Stettler County’s council has agreed to put pressure on the province to help with the agricultural disaster currently gripping the region.
During the July 12 council meeting, Reeve Larry Clarke had an item added to the agenda: cattle feed importation.
According to Clarke during the meeting, he’d received calls from producers in Manitoba who were willing to sell fed to Albertans “at a very reasonable cost.”
“It’s getting it here,” said Clarke, noting that “Paintearth is in the same predicament.”
While Clarke acknowledges that bringing in feed from other jurisdictions is not without risk, namely the importation of weeds and pests, he sees the only other option as people beginning to cull their herds.
While the costs associated with the feed itself are reasonable, with fuel prices being as high as they are, transportation is where most of the cost will come from, noted Clarke, and that is where he wanted government support.
“In 2002, you were buying feed from wherever you could,” said Coun. James Nibourg, agreeing with Clarke.
“As a good producer, you have to feed animals.”
According to the County of Stettler’s Ag. Operations manager, Quinton Beaumont, producers have two choices given the drought conditions.
“You bring feed to match your livestock, or you reduce your livestock to match your feed,” said Beaumont.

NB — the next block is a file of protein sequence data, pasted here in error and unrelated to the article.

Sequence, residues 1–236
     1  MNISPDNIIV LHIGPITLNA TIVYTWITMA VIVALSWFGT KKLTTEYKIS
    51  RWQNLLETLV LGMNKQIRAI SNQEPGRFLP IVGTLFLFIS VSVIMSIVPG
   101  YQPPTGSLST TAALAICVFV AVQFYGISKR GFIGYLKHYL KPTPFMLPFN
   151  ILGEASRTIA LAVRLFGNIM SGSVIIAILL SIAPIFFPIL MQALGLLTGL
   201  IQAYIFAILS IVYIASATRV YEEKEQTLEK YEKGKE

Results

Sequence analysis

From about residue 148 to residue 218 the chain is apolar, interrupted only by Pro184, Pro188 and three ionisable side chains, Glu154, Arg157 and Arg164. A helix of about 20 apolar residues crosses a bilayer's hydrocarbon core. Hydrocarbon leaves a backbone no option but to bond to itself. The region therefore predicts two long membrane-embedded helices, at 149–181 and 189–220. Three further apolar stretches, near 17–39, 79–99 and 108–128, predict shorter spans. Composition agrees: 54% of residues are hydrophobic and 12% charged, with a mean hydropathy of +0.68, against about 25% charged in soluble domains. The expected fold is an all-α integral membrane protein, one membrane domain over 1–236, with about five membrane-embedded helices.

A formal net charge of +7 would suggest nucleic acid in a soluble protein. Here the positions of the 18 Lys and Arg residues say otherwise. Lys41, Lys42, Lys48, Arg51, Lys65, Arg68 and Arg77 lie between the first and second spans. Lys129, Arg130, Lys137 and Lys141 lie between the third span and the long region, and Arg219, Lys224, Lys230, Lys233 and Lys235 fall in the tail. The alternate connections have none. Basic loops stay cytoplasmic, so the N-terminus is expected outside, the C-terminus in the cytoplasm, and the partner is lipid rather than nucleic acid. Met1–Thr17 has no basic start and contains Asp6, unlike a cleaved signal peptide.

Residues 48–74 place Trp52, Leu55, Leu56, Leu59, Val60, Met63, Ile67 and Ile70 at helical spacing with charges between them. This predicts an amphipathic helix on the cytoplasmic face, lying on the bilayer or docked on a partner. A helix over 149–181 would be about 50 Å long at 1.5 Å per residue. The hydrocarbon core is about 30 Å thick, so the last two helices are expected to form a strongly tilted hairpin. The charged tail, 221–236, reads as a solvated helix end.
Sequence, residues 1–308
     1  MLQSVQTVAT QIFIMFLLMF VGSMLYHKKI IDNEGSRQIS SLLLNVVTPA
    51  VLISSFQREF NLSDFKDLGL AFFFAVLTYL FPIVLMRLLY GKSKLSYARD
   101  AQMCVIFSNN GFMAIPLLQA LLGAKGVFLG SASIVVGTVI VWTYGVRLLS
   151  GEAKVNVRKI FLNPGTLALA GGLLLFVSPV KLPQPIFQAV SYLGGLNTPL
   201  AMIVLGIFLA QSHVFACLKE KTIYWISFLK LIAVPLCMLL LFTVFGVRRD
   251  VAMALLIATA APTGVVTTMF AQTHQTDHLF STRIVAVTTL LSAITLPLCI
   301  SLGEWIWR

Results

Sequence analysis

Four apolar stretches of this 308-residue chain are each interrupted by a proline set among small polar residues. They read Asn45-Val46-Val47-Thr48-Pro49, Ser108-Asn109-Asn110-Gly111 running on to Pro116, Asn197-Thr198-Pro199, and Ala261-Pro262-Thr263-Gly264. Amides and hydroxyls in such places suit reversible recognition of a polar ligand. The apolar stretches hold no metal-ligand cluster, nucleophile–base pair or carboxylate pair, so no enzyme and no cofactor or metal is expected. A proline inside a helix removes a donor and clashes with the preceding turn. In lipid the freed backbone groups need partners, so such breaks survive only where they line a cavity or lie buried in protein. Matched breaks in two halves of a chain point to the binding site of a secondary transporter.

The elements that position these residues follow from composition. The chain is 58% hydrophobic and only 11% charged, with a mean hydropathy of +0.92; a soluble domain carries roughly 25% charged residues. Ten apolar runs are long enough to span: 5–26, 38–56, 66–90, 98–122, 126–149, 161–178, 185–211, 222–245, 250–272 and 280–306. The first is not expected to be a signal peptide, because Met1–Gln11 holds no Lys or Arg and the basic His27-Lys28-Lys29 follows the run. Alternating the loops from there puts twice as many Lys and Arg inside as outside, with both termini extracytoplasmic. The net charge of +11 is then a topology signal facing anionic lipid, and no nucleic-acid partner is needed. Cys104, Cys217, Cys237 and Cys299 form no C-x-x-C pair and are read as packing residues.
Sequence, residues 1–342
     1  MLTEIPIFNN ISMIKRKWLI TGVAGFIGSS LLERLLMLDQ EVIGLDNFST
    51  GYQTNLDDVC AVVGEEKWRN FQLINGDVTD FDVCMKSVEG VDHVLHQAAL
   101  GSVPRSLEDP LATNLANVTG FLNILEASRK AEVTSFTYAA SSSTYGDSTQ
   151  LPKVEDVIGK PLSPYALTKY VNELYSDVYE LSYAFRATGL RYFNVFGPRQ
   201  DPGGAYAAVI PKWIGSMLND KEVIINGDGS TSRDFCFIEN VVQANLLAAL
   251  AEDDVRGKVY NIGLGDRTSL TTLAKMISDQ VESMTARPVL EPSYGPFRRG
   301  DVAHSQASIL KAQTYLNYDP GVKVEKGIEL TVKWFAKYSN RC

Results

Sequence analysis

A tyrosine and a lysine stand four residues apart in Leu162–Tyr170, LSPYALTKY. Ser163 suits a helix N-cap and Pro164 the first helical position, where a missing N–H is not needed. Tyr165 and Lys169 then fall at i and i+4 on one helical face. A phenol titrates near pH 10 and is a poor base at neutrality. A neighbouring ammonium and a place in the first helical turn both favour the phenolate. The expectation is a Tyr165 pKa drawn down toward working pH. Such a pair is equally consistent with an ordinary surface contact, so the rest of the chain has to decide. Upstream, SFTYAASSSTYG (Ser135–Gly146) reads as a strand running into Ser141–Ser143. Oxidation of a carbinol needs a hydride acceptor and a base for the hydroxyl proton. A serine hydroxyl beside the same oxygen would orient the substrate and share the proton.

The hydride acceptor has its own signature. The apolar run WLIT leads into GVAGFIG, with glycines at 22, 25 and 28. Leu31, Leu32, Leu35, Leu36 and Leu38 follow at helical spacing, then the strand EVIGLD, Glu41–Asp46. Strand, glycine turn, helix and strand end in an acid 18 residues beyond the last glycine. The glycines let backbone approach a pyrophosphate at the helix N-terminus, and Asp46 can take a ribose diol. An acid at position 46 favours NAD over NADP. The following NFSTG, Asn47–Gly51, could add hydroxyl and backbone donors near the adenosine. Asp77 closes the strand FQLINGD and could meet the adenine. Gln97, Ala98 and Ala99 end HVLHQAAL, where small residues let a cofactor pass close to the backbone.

According to Clarke, Special Areas has already submitted a letter to the Alberta government minister of agriculture asking for support, and he requested that Stettler County follow suit.
Beaumont noted that one challenge facing producers during this ongoing disaster is that as of the meeting date, there has been no word of any agriculture-stability programs through the Agriculture Financial Services Corporation (AFSC) as seen during previous droughts.
“We may have to get a little more creative with our ask,” said Beaumont.
One suggestion Beaumont put forward, in the interim, is for producers to use fields with poor crops for feed instead of sale.
Council agreed for administration to draft a letter of support going to the minister of agriculture putting pressure on the province to provide agricultural assistance in a motion by Coun. Les Stulberg, which was carried.
As part of a separate motion, council agreed to open a discussion on mental health in agriculture to see what they can do to support producers during this stressful period.